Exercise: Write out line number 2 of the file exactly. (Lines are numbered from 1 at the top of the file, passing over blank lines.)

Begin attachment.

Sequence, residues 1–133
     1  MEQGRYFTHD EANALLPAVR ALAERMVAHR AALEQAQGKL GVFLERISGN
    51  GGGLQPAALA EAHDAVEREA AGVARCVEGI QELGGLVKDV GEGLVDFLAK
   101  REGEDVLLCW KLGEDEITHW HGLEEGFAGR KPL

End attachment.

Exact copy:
     1  MEQGRYFTHD EANALLPAVR ALAERMVAHR AALEQAQGKL GVFLERISGN